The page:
But you might have noticed, that I haven't talked about Zandar, Peter Quill, Rocket, Groot, Drax, Gamora, and allllllllll that entails. For good reason, I wanted to touch on the actual ride experience first before diving into Disney fandom's hot-button topic. THE question, THAT question, still remains: Does Cosmic Rewind fit in Epcot?
Walt Disney Imagineering, particularly Zach Riddley the Creative Portfolio Executive for Epcot, has stated that Epcot is now focused on human stories. Future World, a name that never quite described that section of the park well, is split into new "communities": World Celebration, World Nature, and World Discovery. The naming convention now is based on World Showcase but with 1982 Future World fonts and icons. Each land aims to explore humanity's relationships to various aspects of nature, culture, technology, and each other.
The confusion continues with Cosmic Rewind, where Disney uses the same font and branding to create the "Other World Showcase" pavilion, which isn't located in World Showcase. Instead, because the pavilion is future spaced themed, it's in World Discovery. While the ride is about going back in time to the big bang, the pavilion "theme" is of a fake alien civilization. This sort of vibes forward theming Disney is leaning into recently (I'll touch on this later).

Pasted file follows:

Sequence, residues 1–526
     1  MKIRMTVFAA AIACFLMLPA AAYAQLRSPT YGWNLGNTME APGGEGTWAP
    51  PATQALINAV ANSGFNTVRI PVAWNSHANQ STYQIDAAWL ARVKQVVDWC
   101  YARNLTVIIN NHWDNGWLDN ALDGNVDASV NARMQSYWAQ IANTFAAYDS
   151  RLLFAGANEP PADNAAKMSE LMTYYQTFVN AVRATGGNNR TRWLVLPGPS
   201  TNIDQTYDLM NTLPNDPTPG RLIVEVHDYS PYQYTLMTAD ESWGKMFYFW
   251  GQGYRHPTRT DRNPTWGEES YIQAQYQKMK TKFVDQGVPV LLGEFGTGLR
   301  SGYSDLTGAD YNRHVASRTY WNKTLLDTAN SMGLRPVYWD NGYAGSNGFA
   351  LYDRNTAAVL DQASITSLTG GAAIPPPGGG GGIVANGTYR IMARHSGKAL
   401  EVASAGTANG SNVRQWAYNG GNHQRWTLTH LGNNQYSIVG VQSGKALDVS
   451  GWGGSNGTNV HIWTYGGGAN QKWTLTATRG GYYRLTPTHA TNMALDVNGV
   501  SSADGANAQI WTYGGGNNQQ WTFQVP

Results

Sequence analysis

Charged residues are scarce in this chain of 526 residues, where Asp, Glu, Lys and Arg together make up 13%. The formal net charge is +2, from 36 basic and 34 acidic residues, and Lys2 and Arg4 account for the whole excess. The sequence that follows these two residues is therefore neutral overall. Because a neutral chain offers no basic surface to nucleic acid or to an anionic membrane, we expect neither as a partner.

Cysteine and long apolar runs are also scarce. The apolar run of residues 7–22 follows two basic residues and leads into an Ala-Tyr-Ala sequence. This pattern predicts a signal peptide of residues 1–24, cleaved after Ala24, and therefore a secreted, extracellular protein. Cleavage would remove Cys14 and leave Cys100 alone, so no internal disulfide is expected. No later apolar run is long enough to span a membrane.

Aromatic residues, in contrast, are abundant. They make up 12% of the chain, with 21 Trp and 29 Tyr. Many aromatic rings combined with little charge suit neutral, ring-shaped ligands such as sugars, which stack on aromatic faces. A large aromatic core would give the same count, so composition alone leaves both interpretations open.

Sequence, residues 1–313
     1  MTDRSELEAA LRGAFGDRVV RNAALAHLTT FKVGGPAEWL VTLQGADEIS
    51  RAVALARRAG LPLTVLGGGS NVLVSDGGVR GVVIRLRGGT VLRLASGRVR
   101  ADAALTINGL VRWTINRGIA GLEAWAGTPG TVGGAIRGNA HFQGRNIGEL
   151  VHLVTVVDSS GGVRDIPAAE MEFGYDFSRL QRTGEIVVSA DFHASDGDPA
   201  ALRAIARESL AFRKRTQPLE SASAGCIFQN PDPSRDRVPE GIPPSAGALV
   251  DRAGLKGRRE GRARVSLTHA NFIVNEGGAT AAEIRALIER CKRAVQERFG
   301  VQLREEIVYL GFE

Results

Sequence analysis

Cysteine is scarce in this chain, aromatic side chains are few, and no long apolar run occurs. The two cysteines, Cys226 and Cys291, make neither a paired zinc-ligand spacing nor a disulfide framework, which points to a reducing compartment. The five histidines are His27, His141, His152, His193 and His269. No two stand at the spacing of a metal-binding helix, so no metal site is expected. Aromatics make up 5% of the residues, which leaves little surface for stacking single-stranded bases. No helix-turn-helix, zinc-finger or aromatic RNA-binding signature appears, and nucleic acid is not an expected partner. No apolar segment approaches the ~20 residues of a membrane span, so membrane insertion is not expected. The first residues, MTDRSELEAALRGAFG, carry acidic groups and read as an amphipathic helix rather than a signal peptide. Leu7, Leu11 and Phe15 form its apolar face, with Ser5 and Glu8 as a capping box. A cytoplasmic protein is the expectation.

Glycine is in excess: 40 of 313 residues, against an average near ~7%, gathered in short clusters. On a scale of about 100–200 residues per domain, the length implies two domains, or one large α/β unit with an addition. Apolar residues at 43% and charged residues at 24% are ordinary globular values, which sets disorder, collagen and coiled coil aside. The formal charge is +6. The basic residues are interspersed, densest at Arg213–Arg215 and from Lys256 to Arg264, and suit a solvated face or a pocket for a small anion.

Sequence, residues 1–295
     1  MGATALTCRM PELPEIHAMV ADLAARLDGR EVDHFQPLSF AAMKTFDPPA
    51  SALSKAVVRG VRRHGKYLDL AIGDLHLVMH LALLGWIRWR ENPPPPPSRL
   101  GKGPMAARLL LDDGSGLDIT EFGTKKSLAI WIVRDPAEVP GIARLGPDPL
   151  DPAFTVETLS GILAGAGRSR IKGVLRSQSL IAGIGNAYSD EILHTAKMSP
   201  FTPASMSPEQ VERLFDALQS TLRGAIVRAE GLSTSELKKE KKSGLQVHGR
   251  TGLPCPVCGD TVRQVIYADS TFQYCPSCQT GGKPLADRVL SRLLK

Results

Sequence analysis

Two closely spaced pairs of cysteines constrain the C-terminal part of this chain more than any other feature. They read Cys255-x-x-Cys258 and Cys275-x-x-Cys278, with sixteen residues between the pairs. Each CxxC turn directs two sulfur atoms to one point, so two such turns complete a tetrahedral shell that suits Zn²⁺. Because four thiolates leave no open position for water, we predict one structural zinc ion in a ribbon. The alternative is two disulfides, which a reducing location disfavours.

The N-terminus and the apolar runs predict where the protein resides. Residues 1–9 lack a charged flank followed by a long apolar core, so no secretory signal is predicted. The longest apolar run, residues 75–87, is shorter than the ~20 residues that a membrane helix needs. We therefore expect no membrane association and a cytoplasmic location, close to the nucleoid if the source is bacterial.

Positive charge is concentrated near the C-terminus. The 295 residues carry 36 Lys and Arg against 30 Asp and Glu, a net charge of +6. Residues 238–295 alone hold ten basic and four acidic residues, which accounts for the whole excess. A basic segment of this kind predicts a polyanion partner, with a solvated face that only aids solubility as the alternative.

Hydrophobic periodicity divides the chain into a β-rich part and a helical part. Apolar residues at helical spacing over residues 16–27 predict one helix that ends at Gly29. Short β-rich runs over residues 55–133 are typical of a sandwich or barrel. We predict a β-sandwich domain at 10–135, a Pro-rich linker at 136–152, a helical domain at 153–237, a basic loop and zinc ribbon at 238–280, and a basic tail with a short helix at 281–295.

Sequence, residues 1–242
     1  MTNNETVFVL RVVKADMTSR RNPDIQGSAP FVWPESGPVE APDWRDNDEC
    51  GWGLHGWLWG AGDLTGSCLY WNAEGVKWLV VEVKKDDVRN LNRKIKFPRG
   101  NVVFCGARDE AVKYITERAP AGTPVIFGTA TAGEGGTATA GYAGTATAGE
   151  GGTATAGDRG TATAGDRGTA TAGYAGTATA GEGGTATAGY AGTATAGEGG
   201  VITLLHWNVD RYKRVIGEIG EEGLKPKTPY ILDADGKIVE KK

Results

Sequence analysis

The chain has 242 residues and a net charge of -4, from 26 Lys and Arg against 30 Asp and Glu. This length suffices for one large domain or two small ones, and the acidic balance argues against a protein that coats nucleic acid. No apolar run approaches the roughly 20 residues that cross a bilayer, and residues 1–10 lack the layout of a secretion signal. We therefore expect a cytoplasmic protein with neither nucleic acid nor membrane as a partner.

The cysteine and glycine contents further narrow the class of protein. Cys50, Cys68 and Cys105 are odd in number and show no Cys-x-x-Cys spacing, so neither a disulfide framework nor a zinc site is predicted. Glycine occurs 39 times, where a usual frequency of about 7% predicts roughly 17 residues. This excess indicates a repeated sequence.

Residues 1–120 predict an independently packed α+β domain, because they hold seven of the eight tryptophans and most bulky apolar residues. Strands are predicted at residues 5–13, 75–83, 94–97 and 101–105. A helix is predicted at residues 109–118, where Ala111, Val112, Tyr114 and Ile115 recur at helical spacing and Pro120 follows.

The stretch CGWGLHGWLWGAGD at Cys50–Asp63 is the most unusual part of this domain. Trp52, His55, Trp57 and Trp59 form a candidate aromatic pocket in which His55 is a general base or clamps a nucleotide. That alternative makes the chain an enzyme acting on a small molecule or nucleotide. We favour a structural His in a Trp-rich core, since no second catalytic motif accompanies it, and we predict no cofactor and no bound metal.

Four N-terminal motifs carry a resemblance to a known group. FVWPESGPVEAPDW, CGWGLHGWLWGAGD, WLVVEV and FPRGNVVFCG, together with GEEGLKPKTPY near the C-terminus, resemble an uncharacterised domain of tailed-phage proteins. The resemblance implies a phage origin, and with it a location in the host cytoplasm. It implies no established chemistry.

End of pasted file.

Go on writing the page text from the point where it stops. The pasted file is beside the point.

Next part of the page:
Wonders of Xandu, as the pavilion is named, attempts to bring the Marvel IP to life within the boundaries of traditional Epcot. Inside the old UoE building is a large, spiraling room with an overhead video explaining humanity's various ways of establishing contact with intelligent life. Once on the second floor of the attraction, there are three rooms with various dioramas and exhibits about Xandar and the Nova Corps, a sort of Peace Corps the way of the Pinkertons. Here is where some of the first cracks start to form in terms of being an "Epcot attraction". There are attempts to link Xandairan culture or technology to humans but it falls flat without actual examples. Why aren't Nova Corp and Peace Corp intertwined? What about Actual technology examples? Instead, we get a video of Starlord making jokes about old Epcot shows. It feels lazy, which is a disappointment.
The next set of preshows is very Epcot-y: a set of three preshows! Woohoo! First is the merge room, where stand-by and Lighting Lane/FastPass/whatever-it's-called-now combine into a single group. Soon the doors open and we're onto the second room, a futuristic room with large wrap-around screens above us. Here we see Glenn Close and Terry Crews set up our plot: we are transported off our planet to a Nova Corp station in space, where we will see a demonstration of a power source McGuffin.